Eventually, Derrida suggests that ethically responsible mourning demands one straddle the line between remembering and forgetting, between the possibility of mourning and its im-possibility. Unlike Freud, he argues that “there can be no true mourning,” no eventual closure found through remembering and interiorizing, no simple choice between knowing when to memorialize or when to let go.19 There is instead a ceaseless negotiation in play, and the need to recognize that any memorial will simultaneously mourn someone or some event successfully as well as blindly. The only way that so-called “true mourning” is possible, then, is to attempt to negotiate between these two paths, realizing that one can never remember a life in an un-selective or a-rhetorical fashion. Hence, Derrida concludes that “[t]rue ‘mourning’ seems to dictate only a tendency: the tendency to accept incomprehension, to leave a place for it, and to enumerate coldly, almost like death itself, those modes of language which, in short, deny the whole rhetoricity of the true.”20 Mourning, therefore, is a ceaseless process, an endless “working-through” that calls one to remember-forget again and again, and to recognize the rhetoricity of one’s articulations in mourning; for example, never foreclosing on one’s memory of Colton Tooley or Whitman and his victims. It is increasingly clear, then, why one cannot say that the effect of the 1966 or 2010 UT memorials is to “successfully complete” the mourning of their respective events. Instead, these memorials reveal how the attempt to mourn is simultaneously a sighted and yet blind undertaking. The memorials and the form they take call for ongoing discussion, debate, and revision without foreclosure—such as in the case of the 1966 UT memorial and its questionable visibility and ambiguity. Indeed, deconstructing a memorial’s supposed telos leads one to set the rhetorical agon in motion. It does not call for quietude or nihilism, but for re-calling memorials and thus for repetition—for instance, as I will show, by reconsidering them as sites for grieving the seemingly un-grievable, and for exposing “community” in the sense of shared vulnerability/loss.
As with the selectivity of memorial figuration, one can likewise problematize another commonplace concerning memorials, namely, that they preserve the memory of some event or subject across time in enduring/unbroken fashion, that is, without punctuation via the imperceptible blade of forgetting. Indeed, memorials are often charged with the task of keeping a memory present or visible, and repeated in the form of an unchanging legacy. This concept of memorialization therefore involves an implicit supposition concerning the repetition of the same, or as Charles Scott puts it, “[t]he basic meanings of memory in this context are those of presencing with a loss of original presence.”21 Memorial memory is thus often conceived as relatively unchanging, as recalling an event that was once fully hic et nunc but today is preserved only by fastidious remembrance. However, the contentions that memorials re-present an original event or that memory maintained through a memorial is preserved in an unchanging way are problematic. For as evidenced by the 1966 and 2010 UT memorials, “[m]emory is unavoidably, and sometimes maddeningly, inconstant. It sustains a sense of the past in bewilderingly protean ways.”22 Memory, in other words, is inescapably re-produced through forgetting (“blindness”), and towards such manifold socio-political ends that it demands one’s continual attention.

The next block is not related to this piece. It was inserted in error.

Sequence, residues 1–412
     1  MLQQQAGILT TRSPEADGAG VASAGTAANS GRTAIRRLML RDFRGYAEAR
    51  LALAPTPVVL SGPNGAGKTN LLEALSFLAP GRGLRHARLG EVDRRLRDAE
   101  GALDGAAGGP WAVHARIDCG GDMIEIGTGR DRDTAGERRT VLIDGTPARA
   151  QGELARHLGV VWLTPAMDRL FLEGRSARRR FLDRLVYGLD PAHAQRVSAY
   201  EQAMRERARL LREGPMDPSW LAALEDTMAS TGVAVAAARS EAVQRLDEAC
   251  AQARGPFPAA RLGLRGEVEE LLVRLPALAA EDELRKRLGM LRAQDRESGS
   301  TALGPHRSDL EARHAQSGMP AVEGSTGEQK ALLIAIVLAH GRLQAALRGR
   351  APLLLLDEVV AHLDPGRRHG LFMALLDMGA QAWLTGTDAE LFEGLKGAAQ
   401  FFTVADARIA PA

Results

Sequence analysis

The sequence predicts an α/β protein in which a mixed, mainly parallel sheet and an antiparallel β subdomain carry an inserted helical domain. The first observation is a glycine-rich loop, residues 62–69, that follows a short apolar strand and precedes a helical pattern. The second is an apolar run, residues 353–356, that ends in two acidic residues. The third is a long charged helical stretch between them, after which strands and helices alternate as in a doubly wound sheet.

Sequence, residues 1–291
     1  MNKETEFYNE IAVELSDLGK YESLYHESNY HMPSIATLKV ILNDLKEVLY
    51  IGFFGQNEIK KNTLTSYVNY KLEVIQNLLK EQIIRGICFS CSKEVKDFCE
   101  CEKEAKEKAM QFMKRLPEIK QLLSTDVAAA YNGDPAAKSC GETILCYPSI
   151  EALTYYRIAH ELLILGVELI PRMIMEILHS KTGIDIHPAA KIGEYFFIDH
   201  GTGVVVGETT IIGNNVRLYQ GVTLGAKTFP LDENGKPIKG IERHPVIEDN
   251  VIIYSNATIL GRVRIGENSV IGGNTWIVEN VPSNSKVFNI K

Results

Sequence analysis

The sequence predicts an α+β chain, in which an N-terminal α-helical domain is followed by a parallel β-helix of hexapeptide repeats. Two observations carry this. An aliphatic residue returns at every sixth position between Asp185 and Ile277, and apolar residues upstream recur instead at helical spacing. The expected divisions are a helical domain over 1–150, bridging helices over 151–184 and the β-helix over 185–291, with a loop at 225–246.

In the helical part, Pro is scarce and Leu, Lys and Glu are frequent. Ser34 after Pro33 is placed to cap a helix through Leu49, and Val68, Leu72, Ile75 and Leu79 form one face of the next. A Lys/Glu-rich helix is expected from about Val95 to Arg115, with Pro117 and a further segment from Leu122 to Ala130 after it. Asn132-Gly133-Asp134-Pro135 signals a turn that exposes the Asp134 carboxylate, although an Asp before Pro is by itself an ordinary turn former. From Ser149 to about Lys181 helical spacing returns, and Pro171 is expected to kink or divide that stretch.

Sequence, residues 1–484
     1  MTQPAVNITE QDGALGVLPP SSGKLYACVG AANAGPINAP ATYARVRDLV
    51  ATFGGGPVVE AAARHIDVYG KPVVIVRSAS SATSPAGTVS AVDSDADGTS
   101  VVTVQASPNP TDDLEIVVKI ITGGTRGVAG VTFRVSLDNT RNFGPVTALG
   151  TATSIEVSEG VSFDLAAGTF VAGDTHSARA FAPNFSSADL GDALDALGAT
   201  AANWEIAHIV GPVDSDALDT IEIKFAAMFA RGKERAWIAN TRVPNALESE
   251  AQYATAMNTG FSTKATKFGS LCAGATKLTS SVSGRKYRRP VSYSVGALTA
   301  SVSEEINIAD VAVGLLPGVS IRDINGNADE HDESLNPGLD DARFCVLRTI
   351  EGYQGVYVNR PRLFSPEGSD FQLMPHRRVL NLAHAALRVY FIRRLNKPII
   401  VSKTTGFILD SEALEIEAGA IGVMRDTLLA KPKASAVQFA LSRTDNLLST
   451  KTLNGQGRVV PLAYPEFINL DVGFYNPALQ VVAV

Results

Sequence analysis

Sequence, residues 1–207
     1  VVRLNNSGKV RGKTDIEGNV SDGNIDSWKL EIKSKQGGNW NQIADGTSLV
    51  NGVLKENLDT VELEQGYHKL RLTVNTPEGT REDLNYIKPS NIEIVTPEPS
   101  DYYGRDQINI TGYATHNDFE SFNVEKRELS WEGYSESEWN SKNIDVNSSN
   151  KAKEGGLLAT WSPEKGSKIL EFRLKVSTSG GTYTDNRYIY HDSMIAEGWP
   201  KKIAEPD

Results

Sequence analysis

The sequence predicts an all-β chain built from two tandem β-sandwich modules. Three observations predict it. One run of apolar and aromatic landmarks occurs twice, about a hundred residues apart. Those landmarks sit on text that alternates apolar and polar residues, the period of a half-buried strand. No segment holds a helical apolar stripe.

Take, for example, the 2010 Tooley memorial. On the day it appeared it expressed its content in a particular fashion, filling one with quiet melancholy as well as a desire to attend and touch its fragile structure. This is not surprising given that the event was much closer and the memorial’s affective force was greatly heightened. When viewing an image of the memorial today, however, the experience is much different. The event’s rhetorical force has significantly dimmed and the specific content of the community’s notes is unavailable, lost beneath the waves of forgetting. What this means, then, is that the memorial is functioning quite differently multiple years after the event than the day following it, and provides a clear example of why Bradford Vivian argues that communal memory “encompasses a landscape of recollection shaped not by stability but by ongoing redistribution—or remembering—in which forgetting is an unavoidable and oftentimes productive catalyst.”23 The memorial to the Tooley event does not therefore express itself in an enduring way; its rhetorical modes of expression “wander” across time with various modes/degrees of visibility. Viewing the memorial today involves a process of re-membering, reproducing memories of the event as well as of the memorial itself.